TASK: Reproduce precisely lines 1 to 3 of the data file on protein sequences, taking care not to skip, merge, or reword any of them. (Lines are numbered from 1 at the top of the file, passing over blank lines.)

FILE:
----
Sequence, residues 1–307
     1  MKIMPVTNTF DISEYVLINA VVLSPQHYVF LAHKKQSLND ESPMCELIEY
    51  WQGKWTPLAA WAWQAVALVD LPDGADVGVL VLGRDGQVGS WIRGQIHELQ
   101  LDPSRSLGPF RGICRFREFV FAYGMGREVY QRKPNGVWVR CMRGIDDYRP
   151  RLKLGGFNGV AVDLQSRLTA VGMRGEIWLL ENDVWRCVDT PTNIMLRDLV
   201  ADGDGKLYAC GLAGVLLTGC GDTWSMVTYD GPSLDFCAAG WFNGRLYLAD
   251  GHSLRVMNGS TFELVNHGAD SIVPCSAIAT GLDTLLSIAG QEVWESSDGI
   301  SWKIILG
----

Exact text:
Sequence, residues 1–307
     1  MKIMPVTNTF DISEYVLINA VVLSPQHYVF LAHKKQSLND ESPMCELIEY
    51  WQGKWTPLAA WAWQAVALVD LPDGADVGVL VLGRDGQVGS WIRGQIHELQ